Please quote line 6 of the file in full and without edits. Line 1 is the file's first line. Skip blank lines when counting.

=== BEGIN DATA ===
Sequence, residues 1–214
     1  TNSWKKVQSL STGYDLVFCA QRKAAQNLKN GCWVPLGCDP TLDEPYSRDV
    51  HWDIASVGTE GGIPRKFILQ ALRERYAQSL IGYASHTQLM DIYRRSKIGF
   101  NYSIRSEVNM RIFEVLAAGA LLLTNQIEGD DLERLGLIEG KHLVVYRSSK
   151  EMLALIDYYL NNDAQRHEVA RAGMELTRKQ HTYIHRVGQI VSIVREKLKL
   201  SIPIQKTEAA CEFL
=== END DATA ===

   201  SIPIQKTEAA CEFL